IRS Office, Internal Revenue Service
An IRS office. Photo credit: Alpha Photo / Flickr (CC BY-NC 2.0)

The efforts of Republicans to portray unarmed IRS agents as jack-booted thugs became much more difficult Monday.

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As the agency that harasses billionaires and major corporations into paying their taxes, the Internal Revenue Service (IRS) is very high on the list of the GOP’s stated enemies. However, since Republicans can’t exactly say that they don’t like the IRS because it makes rich people pay their fair share, they created the narrative of an army of jack-booted, tax-collecting thugs going after law-abiding patriots.

On Monday, that narrative took a major hit when IRS Commissioner Danny Werfel announced that the agency would no longer send its agents to the homes and businesses of regular Americans without advance notice.

The new policy, which reverses a decades-long practice, does not fit into the GOP portrayal of the IRS at all. If you follow the right-wing media or just about any Republican, you will almost certainly have come across the lie that the Biden administration wants to hire 87,000 new IRS agents to make the lives of ordinary US taxpayers miserable.

“We are taking a fresh look at how the IRS operates to better serve taxpayers and the nation, and making this change is a common-sense step,” Werfel stated. “Changing this long-standing procedure will increase confidence in our tax administration work and improve overall safety for taxpayers and IRS employees.”

That doesn’t sound at all like the IRS how it is portrayed on Fox News. In part, that’s because that fictionalized version of the tax-collecting agency doesn’t exist.

While the right would like Americans to think of IRS agents as heavily armed stormtroopers who kick in doors and drag people out of their homes, the agency’s field staff is usually unarmed. Only a small minority of IRS employees, those working on criminal investigations, are even authorized to carry weapons.

In fact, Werfel indicated that the change in policy is probably intended more for the protection of agents from gun-toting conservatives who have been programmed to hate the IRS than vice versa.

Tony Reardon, the president of the National Treasury Employees Union (NTEU), said as much on Monday.

“The safety of IRS employees is of paramount importance, and this decision will help protect those whose jobs have only grown more dangerous in recent years because of false, inflammatory rhetoric about the agency and its workforce,” he said.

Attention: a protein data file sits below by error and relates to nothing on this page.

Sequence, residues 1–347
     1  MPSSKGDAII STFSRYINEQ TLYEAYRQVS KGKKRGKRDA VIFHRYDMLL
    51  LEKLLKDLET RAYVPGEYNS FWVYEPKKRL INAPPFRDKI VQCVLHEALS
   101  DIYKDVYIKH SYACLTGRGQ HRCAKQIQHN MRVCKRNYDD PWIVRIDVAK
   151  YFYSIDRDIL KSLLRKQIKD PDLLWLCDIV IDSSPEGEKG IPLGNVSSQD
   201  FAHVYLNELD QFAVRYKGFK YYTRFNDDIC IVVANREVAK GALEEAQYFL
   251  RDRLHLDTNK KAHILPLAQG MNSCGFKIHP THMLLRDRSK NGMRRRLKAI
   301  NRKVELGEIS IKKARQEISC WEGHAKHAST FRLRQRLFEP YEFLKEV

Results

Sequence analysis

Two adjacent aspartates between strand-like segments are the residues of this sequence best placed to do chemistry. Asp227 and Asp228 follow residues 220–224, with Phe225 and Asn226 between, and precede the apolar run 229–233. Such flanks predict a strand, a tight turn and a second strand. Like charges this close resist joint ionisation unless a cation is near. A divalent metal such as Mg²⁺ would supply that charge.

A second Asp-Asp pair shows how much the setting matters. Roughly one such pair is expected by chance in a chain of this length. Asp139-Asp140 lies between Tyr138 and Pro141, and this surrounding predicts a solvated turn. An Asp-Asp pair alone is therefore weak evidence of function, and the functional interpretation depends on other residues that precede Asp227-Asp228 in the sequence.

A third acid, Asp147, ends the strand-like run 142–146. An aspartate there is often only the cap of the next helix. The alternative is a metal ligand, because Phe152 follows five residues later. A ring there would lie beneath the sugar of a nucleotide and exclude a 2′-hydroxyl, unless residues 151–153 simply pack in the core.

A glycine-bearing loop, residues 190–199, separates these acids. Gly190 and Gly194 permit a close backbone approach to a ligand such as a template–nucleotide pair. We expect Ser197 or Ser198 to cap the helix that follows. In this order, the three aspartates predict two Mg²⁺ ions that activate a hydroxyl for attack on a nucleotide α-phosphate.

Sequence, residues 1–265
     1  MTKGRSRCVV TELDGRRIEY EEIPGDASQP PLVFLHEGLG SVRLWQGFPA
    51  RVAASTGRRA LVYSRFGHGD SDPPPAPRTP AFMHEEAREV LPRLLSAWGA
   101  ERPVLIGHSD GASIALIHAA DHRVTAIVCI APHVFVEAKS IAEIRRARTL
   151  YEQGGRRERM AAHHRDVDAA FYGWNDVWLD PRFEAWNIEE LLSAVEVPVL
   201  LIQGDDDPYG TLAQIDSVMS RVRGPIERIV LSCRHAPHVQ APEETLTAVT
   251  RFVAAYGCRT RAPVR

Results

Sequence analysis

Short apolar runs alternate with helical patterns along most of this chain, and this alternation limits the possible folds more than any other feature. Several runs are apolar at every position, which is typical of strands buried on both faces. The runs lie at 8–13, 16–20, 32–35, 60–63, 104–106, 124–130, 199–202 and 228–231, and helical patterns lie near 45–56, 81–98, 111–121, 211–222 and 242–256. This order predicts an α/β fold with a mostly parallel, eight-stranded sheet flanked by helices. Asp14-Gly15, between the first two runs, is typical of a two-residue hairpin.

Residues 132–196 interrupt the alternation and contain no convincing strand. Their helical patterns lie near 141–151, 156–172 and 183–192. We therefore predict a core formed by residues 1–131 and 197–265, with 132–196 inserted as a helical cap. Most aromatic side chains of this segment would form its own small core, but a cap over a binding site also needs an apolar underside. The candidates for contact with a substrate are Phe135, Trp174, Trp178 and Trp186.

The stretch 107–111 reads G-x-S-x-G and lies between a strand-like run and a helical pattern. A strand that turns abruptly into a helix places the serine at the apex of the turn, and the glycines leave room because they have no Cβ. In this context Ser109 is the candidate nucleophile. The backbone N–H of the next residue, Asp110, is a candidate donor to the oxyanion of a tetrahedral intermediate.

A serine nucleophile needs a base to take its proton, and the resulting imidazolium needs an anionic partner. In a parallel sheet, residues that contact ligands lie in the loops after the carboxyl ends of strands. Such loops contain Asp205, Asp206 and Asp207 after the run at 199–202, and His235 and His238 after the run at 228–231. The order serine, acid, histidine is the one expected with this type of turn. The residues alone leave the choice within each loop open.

Since none of this comports with the GOP’s anti-IRS narrative, Republicans were understandably confused after the announcement.

Some took credit for the change in policy but, once again, couldn’t keep themselves from lying about it.

“A win for Americans against government intimidation — the investigative work of [the House Select Subcommittee on the Weaponization of the Federal Government] exposed this IRS practice,” tweeted Rep. Dan Bishop (R-NC). “We’ll continue to expose crooked gov’t behavior wherever it appears.”

To reiterate, unannounced visits of unarmed agents was standard practice for decades, so the committee didn’t “expose” anything.

It is also unclear which “corrupt” behavior he is talking about. But, we suppose, he is not the first Republican to believe his own lies.

Others tried a different route. True to the ability of House Republicans to make any issue about the president’s wayward son, Ways and Means Committee Chairman Jason Smith (R-MO) immediately brought up Hunter Biden.

“There’s little reason to cheer the IRS’s recent announcement that it is supposedly ‘ending’ unannounced visits by revenue officers — the agency has yet to provide a full explanation for why it used such disturbing tactics to show up on people’s doorstep and invade their privacy,” he said.

And that’s at least partially true. Certainly, Republicans have little reason to cheer about the IRS taking this issue off the table. As for why it “used such disturbing tactics,” a good place to start looking would be the agency’s mission to find tax cheats.

In any case, since that argument was a bit shaky, Smith soon turned to firmer ground: the “politicization” of the government and Hunter Biden.

“Americans remain concerned about the agency’s political targeting and favoritism, regardless of whether they announce their visits or not,” he added. “Tax enforcement that goes after families and small businesses, but tips off President Biden’s family, sounds like it has bigger problems in how it investigates tax crimes.”

There is no telling what Republicans would even be talking about without the president’s son. It would be truly hilarious if he were sent to prison for his tax crimes because then the GOP would have no issue to campaign on next year.

Here’s hoping that happens.


  • Klaus Marre

    Klaus Marre is a writer, editor, former congressional reporter, and director of the WhoWhatWhy Mentor Apprentice Program. Follow him on Twitter @KlausMarre.

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